Federal prosecutors fired back at a request by Vernon Farthing to separate his upcoming bribery trial from State Sen. Carlos Uresti, who was convicted last month on unrelated federal charges.
Last week, Farthing filed a motion to sever his trial from Uresti's . He claimed information about Uresti's extramarital affairs -- which were revealed during Uresti's trial on charges of fraud and money laundering -- and Uresti's conviction on 11 counts would put him at a disadvantage if he stood trial on bribery charges alongside Uresti.
In response, prosecutors asked a judge to oppose that motion.
"The charges against both defendants are the same, and they are properly charged as co-conspirators," the document said.
Prosecutors also laid out what they described as "two related conspiracies" -- one involving the bribery of former Reeves County Judge Jimmy Galindo, and the other the laundering of bribe money.
"Galindo was the Reeves County Judge from January 1, 1995, until December 31, 2006. In each of those years, Reeves County received benefits exceeding $10,000 from various Federal programs. During 2005, the U.S. Bureau of Prisons ("BOP") sought submissions for a Criminal Alien Requirement contract for detentions facilities to house federal inmates. The Reeves County Detention Complex is a 400,000 square foot correctional institution located in Pecos, Texas. The Complex consists of three housing units with support buildings for centralized programs (the "R-3 Facility"). The R-3 Facility has a capacity of 1,356 inmates.
On or about June 21, 2005, BOP published a Request for Proposal ("RFP") to house federal inmates. Reeves County, under the leadership of Galindo as County Judge, prepared a submission to BOP to win for Reeves County this contract and house federal inmates in the R-3 facility. On or about May 24, 2006, BOP issued a Contract Award Notice that Reeves County received the contract to house federal criminal aliens at the R-3 Facility. The contract ran through December 31, 2017.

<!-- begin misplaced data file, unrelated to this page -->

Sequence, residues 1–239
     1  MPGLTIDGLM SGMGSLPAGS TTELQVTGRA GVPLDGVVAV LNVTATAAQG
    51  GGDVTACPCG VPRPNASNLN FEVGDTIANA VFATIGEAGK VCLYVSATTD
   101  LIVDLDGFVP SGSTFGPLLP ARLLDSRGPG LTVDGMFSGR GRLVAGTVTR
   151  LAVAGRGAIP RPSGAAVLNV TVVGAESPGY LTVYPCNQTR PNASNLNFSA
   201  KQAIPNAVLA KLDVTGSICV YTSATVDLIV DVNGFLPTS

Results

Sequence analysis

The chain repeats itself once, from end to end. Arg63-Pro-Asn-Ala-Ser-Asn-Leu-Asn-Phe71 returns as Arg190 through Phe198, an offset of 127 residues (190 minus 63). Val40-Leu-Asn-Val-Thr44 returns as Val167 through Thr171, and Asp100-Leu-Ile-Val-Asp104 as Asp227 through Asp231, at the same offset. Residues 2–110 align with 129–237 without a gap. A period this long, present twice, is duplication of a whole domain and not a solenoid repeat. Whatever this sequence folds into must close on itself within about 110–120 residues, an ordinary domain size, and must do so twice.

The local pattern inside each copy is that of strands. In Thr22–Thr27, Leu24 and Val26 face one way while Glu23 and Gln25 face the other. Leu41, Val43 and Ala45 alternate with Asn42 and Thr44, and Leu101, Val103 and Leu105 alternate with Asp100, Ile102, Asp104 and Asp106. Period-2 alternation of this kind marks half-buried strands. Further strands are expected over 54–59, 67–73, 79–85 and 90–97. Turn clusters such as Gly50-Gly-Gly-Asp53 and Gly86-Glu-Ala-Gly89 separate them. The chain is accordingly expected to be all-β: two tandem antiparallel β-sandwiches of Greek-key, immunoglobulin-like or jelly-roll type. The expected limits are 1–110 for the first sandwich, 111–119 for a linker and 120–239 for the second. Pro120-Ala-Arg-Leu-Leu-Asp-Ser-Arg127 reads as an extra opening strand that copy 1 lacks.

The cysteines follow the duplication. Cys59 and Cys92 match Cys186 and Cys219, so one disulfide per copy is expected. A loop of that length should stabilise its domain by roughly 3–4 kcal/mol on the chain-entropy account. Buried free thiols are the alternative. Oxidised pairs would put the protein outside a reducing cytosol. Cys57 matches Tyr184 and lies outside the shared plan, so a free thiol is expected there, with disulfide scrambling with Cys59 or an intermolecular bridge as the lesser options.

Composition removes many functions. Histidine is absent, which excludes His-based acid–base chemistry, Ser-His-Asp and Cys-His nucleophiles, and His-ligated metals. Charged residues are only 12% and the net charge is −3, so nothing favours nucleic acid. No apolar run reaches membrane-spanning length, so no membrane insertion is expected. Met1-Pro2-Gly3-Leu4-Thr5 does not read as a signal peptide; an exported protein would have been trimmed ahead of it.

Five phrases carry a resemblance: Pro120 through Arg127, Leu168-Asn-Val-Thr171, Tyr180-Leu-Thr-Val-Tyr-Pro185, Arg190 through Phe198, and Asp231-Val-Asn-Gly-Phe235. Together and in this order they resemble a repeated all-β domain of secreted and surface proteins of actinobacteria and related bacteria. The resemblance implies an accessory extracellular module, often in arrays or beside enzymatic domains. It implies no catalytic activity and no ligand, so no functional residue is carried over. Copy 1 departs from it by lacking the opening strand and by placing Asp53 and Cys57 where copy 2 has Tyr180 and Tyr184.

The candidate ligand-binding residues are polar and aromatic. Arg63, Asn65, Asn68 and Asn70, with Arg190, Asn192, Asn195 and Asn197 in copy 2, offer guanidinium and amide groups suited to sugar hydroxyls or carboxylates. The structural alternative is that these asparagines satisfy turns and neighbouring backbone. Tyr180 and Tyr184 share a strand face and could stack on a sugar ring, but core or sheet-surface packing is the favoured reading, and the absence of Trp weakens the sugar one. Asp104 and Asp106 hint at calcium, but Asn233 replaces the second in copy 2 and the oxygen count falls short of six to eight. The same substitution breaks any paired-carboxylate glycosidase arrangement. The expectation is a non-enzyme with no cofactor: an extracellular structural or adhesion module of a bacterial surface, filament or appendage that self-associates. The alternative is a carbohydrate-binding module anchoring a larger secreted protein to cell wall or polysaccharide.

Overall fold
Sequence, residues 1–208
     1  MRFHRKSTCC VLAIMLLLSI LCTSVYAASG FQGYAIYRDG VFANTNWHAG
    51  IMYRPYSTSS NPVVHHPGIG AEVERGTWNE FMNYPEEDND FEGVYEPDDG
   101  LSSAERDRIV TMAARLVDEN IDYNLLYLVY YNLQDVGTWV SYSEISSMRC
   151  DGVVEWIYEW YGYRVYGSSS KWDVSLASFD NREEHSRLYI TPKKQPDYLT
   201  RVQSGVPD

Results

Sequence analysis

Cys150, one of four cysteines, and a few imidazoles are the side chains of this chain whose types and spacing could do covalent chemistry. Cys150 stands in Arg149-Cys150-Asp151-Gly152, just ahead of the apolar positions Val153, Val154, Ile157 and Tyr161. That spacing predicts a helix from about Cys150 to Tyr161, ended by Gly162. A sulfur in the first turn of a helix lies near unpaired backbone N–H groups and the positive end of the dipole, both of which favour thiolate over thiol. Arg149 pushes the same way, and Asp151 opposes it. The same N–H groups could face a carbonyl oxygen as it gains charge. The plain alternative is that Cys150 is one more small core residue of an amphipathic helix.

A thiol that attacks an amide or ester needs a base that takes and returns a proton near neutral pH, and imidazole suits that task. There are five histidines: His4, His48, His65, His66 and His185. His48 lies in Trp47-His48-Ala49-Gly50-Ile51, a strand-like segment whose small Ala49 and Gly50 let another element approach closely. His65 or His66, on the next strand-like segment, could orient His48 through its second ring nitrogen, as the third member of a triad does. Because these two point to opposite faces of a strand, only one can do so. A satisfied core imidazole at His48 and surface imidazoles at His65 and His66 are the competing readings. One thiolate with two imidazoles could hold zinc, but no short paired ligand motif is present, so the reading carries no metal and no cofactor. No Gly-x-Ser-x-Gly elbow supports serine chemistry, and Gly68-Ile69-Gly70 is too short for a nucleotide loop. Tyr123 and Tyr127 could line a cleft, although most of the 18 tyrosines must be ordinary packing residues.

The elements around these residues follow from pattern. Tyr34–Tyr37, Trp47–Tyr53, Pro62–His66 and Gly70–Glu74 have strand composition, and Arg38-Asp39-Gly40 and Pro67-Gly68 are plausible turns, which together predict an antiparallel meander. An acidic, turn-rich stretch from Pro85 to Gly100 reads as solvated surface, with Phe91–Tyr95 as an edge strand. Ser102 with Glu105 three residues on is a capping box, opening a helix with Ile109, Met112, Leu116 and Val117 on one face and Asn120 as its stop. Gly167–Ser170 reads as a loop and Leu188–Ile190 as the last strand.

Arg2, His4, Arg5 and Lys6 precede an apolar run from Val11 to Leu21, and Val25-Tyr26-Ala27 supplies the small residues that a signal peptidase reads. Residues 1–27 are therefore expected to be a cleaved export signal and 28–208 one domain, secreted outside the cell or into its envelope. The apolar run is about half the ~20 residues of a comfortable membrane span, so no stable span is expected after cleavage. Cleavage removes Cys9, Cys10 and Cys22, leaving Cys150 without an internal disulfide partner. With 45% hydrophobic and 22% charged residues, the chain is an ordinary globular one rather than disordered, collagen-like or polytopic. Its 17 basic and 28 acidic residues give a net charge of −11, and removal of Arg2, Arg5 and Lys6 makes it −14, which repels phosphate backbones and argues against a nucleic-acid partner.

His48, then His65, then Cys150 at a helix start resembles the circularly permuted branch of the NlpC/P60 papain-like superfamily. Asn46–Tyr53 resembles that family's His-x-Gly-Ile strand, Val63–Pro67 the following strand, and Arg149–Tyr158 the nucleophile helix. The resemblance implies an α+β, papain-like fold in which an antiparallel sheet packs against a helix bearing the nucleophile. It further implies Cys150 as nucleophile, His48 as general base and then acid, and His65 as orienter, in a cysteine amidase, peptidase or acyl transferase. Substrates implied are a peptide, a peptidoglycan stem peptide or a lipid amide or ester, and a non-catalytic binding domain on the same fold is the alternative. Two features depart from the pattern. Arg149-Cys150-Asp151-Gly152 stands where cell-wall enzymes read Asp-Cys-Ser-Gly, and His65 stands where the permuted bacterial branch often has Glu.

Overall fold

Part of the BOP contract was to provide medical care for the inmates. On or about August 7, 2006, Galindo, Uresti and Farthing met in Reeves County, Texas, to discuss securing the medical care contract to Farthing's company, Physicians Network Association ("PNA") on terms favorable to PNA. In exchange, the group discussed hiring Uresti as a consultant for PNA.
Ultimately, on or about September 13, 2006, Reeves County awarded the medical contract to PNA to provide medical care to the federal inmates who were to be housed in the Facility (the "PNA Contract"). At that time, Farthing was president of PNA and signed the contract on behalf of PNA. Galindo, in his official capacity as Reeves County Judge, negotiated the PNA contract on behalf of Reeves County, presided over the vote on the PNA Contract, and signed the PNA contract on behalf of Reeves County.
In exchange for Galindo's assistance in securing the PNA Contract on terms favorable to PNA, Farthing, through PNA, agreed to hire Uresti as a "consultant" and to pay Uresti approximately $10,000 a month. Uresti, in turn, paid approximately (half) of these payments to Galindo. Uresti was paid by PNA (and its successor companies) until on or about September 30, 2016. Uresti dutifully paid approximately (half) of these payments to Galindo throughout this time."
Prosecutors challenged Farthing's claims that his rights would be violated by a joint trial with Uresti, arguing the pair are charged in the same conspiracy and that "the charges are the same ... and the evidence will be substantially the same against both defendants."
A date for a judge to rule on the severance issue has not yet been set. The case is set for trial in May.
In a separate case, Galindo pleaded guilty to charges of bribery and failing to file a tax return. He is scheduled to be sentenced in June.
Gary Cain, a consultant for the Four Winds company, was convicted with Uresti last week on fraud and money laundering charges. A third co-defendant, Stanley Bates, has pleaded guilty to fraud and money laundering charges. The trio were convicted of a Ponzi scheme in which they brought investors into a company that claimed to sell hydraulic fracking sand for oil production. Instead, the money was used to pay earlier investors and for various personal expenses. All three face up to 20 years in prison for each count. Uresti and Cain are expected back in court for sentencing June 28.